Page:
When you were playing 16 seasons in MLB, were you thinking about a future in business once you retired?
Sure. I was a guy that toward the end of my career looked to do other things.
It’s not easy to try to reinvent yourself a number of times so this was an opportunity to kind of get back to sports a little bit. I’d sort of drifted away from sports.
I had a long career in baseball, but at the end of the day, I was 38 years old when I was done and had a lot of life left. You have to figure out ways to keep involved, and this keeps me stimulated and motivated. I was never a guy that was going to walk away and spend five days a week on the golf course.
The big story these days is pitchers using substances to grip the baseball. What’s your take on it?
Quite honestly, I think it’s bad timing and as much politics as it is practicality.
The reality is that the pitchers have been sort of taking back the upper hand this season. Offense is down and pitching is dynamic. But two years ago, the big complaint was that balls were flying out of the park at a record pace and pitchers had no chance
Well, the pitchers were using substances on their hands in 2019 as well, and nobody really cared about it. And by the way, most hitters would rather know that the pitcher has a good grip on the ball. I’m already starting to see some balls, up and in, hit batters even in the last week with these rules.
There could be something better regulated. I don’t think it’s necessarily as egregious as the stories are being made. And I think it’s ironic that the league decided to change the baseball this year and make the seams higher and the ball a little softer, which is an advantage to the pitchers.
Right now, they run the risk of guys getting hurt in the middle of the season just arbitrarily. They could’ve made announcements that they’re going to be taking a better look, but to make this huge statement in the middle of the season runs the risk of creating problems that are worse than the problem of having the sticky substances in the game.
You hit 253 home runs during your career. What do you make of the new wave of power hitters such as Vladimir Guerrero Jr.,. Fernando Tatis Jr., and Ronald Acuna Jr. hitting balls a mile?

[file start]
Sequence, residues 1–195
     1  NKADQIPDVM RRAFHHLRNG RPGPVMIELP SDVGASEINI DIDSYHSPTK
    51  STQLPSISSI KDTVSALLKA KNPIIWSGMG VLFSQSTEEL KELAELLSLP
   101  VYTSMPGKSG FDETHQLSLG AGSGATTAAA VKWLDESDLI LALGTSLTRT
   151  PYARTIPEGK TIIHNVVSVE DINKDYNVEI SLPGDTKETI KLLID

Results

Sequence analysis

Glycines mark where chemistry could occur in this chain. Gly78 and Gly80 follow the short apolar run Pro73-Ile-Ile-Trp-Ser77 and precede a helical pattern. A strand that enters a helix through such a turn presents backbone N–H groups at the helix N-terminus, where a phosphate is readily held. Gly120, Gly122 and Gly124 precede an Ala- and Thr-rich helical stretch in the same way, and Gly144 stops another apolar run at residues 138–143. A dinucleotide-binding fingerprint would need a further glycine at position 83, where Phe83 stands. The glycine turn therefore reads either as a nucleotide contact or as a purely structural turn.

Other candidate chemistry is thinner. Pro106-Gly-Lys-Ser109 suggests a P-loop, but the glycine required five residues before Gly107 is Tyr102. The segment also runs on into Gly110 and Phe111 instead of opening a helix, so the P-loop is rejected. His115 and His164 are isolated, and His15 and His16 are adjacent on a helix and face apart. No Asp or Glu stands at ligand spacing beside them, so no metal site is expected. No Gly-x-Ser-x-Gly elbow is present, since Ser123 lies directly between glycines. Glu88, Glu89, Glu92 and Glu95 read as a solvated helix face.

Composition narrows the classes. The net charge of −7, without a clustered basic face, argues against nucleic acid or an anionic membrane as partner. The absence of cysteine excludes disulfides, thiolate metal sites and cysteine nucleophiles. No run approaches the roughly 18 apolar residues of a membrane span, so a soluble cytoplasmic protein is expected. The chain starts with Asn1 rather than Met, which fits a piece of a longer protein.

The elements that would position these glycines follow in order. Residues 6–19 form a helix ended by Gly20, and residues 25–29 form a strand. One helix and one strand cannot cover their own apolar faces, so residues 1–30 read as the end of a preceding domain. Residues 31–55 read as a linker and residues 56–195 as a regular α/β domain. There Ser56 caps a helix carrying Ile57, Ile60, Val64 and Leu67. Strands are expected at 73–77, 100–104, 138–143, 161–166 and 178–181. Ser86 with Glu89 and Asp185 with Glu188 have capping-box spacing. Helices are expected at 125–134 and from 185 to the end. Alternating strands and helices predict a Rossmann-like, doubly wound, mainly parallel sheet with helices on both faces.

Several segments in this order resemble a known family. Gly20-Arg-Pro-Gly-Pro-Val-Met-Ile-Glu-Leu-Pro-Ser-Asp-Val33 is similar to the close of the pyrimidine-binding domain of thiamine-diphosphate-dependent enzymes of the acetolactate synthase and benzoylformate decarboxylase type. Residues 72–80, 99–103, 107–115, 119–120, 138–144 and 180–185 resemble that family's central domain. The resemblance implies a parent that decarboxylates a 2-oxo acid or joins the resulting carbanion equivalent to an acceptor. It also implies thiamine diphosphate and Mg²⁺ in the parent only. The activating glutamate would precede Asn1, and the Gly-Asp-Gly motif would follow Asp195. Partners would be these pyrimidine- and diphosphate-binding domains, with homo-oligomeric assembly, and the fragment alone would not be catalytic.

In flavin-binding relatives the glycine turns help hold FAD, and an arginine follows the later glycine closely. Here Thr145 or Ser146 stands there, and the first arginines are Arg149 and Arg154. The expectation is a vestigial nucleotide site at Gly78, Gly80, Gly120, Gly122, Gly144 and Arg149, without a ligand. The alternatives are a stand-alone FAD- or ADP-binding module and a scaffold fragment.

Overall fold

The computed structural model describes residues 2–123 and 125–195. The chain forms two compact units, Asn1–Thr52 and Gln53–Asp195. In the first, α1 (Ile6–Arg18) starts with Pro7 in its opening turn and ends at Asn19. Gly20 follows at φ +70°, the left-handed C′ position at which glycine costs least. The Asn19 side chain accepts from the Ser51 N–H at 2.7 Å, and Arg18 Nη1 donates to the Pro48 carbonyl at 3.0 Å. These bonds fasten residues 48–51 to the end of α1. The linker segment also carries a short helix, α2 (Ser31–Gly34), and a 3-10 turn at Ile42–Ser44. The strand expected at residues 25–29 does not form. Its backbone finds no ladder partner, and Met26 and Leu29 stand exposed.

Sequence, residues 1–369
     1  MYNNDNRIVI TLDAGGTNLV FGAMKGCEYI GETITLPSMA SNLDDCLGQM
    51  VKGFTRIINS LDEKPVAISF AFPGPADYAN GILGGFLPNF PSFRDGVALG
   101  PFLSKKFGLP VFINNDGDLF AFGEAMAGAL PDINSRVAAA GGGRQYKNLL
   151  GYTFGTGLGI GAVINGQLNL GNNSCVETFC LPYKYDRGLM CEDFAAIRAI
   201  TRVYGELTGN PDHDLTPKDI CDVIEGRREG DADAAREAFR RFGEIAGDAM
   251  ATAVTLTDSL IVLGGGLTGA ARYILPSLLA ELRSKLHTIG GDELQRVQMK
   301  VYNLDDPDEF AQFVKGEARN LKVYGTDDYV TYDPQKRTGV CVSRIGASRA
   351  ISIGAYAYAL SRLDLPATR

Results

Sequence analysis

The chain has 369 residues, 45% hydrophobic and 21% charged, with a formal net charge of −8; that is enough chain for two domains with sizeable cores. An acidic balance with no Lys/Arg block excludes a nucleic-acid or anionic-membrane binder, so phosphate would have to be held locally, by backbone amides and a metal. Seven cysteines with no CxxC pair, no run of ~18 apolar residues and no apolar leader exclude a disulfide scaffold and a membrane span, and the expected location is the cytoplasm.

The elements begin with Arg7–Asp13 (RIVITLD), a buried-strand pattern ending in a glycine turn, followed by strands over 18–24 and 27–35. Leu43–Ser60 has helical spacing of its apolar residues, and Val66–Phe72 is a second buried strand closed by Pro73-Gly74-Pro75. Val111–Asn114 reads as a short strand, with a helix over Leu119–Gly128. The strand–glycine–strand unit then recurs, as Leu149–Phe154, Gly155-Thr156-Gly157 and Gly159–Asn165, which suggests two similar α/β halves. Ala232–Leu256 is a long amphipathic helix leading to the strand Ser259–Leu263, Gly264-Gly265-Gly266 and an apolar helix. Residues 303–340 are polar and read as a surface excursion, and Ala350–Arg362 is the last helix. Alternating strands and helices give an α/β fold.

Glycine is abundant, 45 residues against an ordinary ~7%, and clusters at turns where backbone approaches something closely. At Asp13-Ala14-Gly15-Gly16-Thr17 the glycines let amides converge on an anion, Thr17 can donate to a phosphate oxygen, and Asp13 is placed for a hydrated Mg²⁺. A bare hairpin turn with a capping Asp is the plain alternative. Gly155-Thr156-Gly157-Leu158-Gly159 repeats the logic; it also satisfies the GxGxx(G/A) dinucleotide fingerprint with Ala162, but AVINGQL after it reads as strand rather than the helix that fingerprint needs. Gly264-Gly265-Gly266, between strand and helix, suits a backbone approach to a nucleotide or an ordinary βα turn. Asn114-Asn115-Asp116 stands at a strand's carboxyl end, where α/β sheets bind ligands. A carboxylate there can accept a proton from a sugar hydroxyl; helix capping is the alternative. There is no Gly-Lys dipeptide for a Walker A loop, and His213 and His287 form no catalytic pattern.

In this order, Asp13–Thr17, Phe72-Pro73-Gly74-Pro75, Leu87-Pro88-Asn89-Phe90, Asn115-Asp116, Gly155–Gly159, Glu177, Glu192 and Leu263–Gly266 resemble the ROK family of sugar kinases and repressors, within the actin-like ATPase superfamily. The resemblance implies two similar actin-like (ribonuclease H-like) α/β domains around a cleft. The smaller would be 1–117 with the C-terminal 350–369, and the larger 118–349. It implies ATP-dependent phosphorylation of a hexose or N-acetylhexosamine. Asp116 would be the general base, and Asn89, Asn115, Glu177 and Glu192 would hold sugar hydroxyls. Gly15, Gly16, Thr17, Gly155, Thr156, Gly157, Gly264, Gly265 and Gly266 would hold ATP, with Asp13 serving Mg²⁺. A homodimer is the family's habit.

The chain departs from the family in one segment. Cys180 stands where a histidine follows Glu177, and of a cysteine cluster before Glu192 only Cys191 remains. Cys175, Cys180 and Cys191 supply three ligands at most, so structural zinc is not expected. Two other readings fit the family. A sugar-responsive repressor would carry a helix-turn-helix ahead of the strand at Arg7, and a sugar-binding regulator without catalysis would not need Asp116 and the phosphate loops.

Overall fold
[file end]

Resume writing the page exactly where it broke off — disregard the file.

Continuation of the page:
I love watching those kids. I follow them closely and I watched (the Mets’) Pete Alonso do amazing things two years ago by hitting 53 homers as a rookie. I’ve gotten to see Tatis a lot over the last few weeks and Guerrero and Acuna so there’s still some offense in the game.
There are still guys having dynamic seasons from an offensive standpoint and I think it’s great. They are exciting players. I like the flare and the style that they bring.
Gone are the days of my generation of old-school baseball. It’s a new era and I was resistant to it for a while because I was sort of a very even-keeled, unemotional, old-school player on the field, so I’ve had to adapt to the new style.
The Mets are in first place in the NL East. Can they keep it up?
I think they certainly can. They’ve been injury-plagued and the good news is they’ve been able to find ways to maintain that lead with some reserve guys coming in and playing really good baseball, and with great starting pitching and a solid bullpen before it got really banged-up.
But they’ve got some of their regular guys coming back and they’re going to have to plug them in and jumpstart that offense to be able to maintain that lead.
What’s it like watching Jacob deGrom when he pitches?
I love it. It’s can’t-miss TV every time he takes the mound. We’ve run out of superlatives every time we do a game because he’s rewriting the pitching record books. Even when he’s not feeling 100 percent or when he’s having his little ailments to take him out of the game, he continues to just marvel with the stuff and the location and the precision.
Do you have a fondest memory in your career?
The 2000 World Series with the Mets was amazing. It was a great time to be in New York and we ended up on the short end of that (against the Yankees), but given that was my only World Series experience and I played well in the New York subway series made it amazing.
But if I had to pick one specific moment, it would probably be a year later. Going through 9/11 in New York City and then the role and impact that the Mets had on re-establishing the sports in the city and playing the first game back here in New York, and the big win against the Braves was probably my fondest memory because of the magnitude of that moment.
Chris Kuc is a sportswriter who covered a myriad of sports during his career with the Chicago Tribune, The Athletic, and the Chicago Blackhawks before joining Sports Section. You can reach out to Chris at Chris.Kuc@thesportssection.com or on Twitter: @ChrisKuc.